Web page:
“Listen,” his dad said through clenched teeth. “That’s quite enough of this little game of yours. Wherever we take you, it’s the same old song. ‘I wanna go to the beach…I wanna go to the beach.’ Your mother and I took a whole day off in the middle of a busy week, to bring you to the best beach on the whole coast, and you just start up again right away! Look around. Look at all the people. Do you really think they would be sitting around in bathing suits, if this wasn’t a beach?!”
The boy couldn’t deny it. Since they’d parked their car, a bunch of other cars had also pulled up. Kids were running around in swimsuits. A dog was chasing a flying disk. The boy smelled roasting hot-dogs amidst the exhaust fumes of the passing traffic. He looked back at his parents, whose eyes were almost pleading with him. One thing was clear—they sure thought they were at the beach, and so did all the others. The boy sighed, and once again, like every time, decided to keep quiet.
“Okay Dad,” he said. “I see what you mean. Are there any sandwiches left?” The tension broke, and his parents seemed so relieved.
The boy ate halfheartedly and even threw a football around for a while with the kid from the next blanket. But then, a little while later, as the boy walked over to the car to get his mom a magazine, he smelled something strange. He thought maybe it was some kind of fruit, or a lady’s perfume. It was a smell he knew, but from where?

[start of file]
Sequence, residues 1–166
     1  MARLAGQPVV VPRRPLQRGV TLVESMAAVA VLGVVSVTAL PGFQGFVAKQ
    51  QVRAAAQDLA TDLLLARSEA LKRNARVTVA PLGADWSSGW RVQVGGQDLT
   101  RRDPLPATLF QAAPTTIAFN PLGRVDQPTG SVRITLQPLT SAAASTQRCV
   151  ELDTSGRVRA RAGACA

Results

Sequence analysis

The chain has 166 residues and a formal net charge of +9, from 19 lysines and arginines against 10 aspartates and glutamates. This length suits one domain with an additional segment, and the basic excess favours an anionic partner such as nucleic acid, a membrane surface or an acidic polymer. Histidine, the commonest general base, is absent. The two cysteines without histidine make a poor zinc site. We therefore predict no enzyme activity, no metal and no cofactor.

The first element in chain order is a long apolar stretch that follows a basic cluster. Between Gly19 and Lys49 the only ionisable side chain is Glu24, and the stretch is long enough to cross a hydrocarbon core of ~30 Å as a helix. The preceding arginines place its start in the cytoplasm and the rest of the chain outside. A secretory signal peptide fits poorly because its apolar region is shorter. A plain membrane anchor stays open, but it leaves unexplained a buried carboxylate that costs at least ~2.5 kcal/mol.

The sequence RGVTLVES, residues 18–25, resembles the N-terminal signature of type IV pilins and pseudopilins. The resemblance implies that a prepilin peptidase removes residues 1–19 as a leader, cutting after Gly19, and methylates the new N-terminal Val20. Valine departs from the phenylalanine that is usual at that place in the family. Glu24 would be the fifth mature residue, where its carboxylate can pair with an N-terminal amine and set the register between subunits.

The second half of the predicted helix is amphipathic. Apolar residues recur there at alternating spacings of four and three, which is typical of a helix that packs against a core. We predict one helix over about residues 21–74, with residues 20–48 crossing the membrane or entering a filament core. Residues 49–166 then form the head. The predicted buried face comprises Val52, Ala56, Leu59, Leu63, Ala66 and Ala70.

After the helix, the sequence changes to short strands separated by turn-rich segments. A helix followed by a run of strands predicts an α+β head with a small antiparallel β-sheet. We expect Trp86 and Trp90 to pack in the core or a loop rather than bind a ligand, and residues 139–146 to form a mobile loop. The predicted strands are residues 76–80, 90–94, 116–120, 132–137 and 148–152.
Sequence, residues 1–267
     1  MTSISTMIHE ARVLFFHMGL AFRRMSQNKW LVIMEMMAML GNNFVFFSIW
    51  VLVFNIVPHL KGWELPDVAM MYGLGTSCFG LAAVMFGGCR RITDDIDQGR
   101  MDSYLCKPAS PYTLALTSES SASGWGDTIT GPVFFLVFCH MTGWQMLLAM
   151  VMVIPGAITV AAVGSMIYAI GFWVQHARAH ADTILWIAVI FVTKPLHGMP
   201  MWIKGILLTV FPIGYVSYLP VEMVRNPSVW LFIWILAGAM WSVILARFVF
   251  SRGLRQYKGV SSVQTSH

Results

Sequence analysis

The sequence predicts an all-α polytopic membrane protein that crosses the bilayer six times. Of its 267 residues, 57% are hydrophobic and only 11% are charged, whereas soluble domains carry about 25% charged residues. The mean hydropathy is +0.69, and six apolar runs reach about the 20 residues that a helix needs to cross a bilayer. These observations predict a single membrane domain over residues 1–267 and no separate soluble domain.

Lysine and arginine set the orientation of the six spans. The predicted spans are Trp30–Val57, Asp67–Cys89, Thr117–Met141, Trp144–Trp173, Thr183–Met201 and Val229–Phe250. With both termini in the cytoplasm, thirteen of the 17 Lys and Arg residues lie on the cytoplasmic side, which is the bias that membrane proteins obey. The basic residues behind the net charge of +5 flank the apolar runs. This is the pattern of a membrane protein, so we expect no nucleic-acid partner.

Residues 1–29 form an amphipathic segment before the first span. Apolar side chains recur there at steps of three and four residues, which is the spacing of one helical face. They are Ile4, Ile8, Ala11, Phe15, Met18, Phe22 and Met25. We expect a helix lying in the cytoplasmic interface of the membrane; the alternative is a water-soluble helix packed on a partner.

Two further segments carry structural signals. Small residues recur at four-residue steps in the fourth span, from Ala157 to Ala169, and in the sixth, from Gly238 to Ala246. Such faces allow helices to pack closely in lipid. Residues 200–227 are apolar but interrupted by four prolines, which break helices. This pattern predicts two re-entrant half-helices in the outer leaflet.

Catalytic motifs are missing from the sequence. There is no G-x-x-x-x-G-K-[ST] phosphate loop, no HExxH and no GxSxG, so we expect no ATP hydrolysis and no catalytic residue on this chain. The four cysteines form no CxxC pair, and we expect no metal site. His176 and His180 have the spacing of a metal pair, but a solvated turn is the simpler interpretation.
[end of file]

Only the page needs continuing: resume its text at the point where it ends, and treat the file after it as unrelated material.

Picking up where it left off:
Then the boy closed his eyes, and swooned. The Ocean!! It had been so long, but now it was like he was right there! Everything felt so blue, and warm, and wavy, and clear. He opened his eyes, and there was an old woman standing in front of him. “Grandma?”
She smiled, then cried, then smiled again. “Come, we’re going home.” Home? He wanted to go to the beach! The woman read his thoughts and laughed, “We are going to the ocean; we’re going home!” They started walking and the boy felt happier than he’d ever felt before. Then a hand grabbed his shoulder from behind and tugged him hard.
“You know the rules! No running off by yourself!” His dad said, pointing to his mom who was shading herself under a traffic light. “Come, your mother and I are ready to leave, but if you behave in the car, we can come back next week.”